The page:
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  1. #1
    SitePoint Wizard bbolte's Avatar
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    another stored procedure question - ms sql

    i have this ado transaction happening in an asp page with 2 sql statements, here's the code:

    Code:
    'set up to move items from cart table into order details table
    'begin ado transaction
    connNav.BeginTrans
    'transfer cart items
    strSQL3 = "INSERT INTO orderDetails (orderRefNum, partNo, quantity, description) " &_
    			"SELECT '" & intOrdRefNum & "', partNo, quantity, 'none' FROM cart " &_
    			"WHERE userID = " & userID
    connNav.Execute(strSQL3)
    'empty cart table of items
    strSQL4 = "DELETE FROM cart WHERE userID = " & userID
    connNav.Execute(strSQL4)
    'end the transaction
    connNav.CommitTrans
    can this all be done in one stored procedure and still keep the transaction?

  2. #2
    \m/ R.I.P. Dimebag! \m/ JimBolla's Avatar
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    Code:
    CREATE PROCEDURE dbo.sp_DoStuff  -- you can pick a better name :)
    (
    	@userid int
            @intordrefnum int
    )
    AS
    BEGIN TRAN
    
    INSERT INTO orderDetails (orderRefNum, partNo, quantity, description) SELECT @intorrefnum, partNo, quantity, 'none' FROM cart WHERE userID = @userid
    
    DELETE FROM cart WHERE userID = @userid
    
    COMMIT TRAN

  3. #3
    SitePoint Wizard bbolte's Avatar
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    wow, that's great! thanks. this stuff is blowing my mind and i can't seem to find any good stuff on the web about it. i must get a book or something. crowdozer, i was talking to someone last night about this and he told me that doing a lot of deletes like this would fill up the log files and may bring the server down. he said to use something called "truncate" instead. any thoughts?

  4. #4
    \m/ R.I.P. Dimebag! \m/ JimBolla's Avatar
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    uh. i think your friend is misinformed. the way SQL Server works is every command you perform that modifies the database is logged to the transaction log file. this is for the purpose of backing up and rolling back transactions and what have you. so yes, every delete command you issue does increase the size of the transaction log. but unless your database server is severely limited in harddrive space, this should never really be a problem.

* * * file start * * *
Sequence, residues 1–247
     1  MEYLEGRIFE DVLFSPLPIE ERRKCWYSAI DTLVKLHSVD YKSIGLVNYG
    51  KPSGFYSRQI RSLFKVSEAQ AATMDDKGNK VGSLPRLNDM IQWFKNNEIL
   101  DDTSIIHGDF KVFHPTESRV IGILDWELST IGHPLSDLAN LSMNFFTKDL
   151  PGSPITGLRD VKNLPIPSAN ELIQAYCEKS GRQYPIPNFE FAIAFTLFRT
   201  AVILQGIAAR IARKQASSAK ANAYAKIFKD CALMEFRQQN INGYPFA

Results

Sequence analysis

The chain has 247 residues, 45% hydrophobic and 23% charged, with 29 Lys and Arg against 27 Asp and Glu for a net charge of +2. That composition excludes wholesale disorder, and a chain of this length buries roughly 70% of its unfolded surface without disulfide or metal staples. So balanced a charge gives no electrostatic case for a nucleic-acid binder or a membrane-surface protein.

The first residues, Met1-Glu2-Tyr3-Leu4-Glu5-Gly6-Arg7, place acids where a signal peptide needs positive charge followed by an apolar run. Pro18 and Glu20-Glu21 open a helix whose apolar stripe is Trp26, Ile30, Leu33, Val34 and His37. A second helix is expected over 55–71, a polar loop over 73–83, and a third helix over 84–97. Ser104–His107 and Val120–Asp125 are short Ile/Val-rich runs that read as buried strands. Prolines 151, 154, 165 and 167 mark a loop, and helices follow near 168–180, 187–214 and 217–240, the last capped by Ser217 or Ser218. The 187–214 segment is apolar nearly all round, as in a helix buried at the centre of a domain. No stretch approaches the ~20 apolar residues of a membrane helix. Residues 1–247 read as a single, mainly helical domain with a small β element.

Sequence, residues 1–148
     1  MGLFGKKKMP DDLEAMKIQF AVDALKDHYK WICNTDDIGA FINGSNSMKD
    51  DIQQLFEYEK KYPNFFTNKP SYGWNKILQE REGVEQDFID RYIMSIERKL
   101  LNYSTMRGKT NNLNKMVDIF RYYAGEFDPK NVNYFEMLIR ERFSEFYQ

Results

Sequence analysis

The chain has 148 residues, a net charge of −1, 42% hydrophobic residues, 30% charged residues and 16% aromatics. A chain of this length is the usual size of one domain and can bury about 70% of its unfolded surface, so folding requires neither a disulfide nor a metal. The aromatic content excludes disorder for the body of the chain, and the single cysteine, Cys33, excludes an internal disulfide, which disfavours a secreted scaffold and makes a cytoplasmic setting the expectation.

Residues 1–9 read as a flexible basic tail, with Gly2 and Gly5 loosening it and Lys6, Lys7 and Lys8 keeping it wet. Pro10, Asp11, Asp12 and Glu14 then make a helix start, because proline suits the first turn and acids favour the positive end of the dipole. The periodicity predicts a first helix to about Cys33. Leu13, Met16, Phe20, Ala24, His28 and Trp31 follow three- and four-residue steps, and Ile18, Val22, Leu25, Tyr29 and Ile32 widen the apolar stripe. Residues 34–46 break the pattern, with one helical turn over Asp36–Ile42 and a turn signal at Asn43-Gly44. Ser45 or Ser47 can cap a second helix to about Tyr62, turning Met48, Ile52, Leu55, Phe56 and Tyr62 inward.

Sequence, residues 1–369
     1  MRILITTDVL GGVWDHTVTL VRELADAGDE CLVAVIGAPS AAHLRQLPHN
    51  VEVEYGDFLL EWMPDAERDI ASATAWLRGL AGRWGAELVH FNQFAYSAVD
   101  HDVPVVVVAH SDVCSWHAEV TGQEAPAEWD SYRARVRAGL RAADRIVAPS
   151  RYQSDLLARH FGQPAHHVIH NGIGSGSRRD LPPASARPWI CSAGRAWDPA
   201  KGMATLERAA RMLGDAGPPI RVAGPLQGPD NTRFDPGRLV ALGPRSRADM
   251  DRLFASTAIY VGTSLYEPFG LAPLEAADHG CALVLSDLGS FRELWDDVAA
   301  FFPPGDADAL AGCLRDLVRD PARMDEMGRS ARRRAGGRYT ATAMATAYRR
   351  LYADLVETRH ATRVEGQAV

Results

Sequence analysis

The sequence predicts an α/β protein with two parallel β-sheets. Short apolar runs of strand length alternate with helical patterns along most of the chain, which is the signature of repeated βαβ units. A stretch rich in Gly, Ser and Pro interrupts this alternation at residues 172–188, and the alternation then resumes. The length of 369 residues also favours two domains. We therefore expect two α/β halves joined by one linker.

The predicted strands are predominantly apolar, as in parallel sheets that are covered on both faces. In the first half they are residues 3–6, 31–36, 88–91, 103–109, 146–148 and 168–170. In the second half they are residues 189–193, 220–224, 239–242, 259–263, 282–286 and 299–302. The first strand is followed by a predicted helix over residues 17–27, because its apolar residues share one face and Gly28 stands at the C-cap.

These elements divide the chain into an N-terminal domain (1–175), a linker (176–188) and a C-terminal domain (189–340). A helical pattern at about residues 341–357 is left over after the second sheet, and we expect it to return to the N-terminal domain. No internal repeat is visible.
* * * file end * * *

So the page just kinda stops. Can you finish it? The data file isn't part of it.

truncating: truncating a table wipes all data out of the table. it does not take a where clause or anything like that, therefore would really be useful in your scenario. also i believe there are some transactional issues with truncating a table if the need arises to rollback, although i'm not 100% sure about this.

  5. #5
    SitePoint Wizard bbolte's Avatar
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    oh, ok. i don't think i would want to use it here as i'm only needing to delete the record(s) that corrosponds to the userID (there may be several different userIDs at the time). one other thing, will this delete all the records that equal that id? there may be several rows that need to come out.

  6. #6
    \m/ R.I.P. Dimebag! \m/ JimBolla's Avatar
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    it will delete any number of records that delete the criteria specified in the WHERE cluase.

  7. #7
    SitePoint Wizard bbolte's Avatar
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    ok, thanks much!

  8. #8
    Database Jedi MattR's Avatar
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    TRUNCATE TABLE is much faster than 'DELETE table' for clearing out the whole table since it is non-logged (or minimally logged).

    Plus you don't have to worry about the logsegment becoming full and all your transacts backing up.


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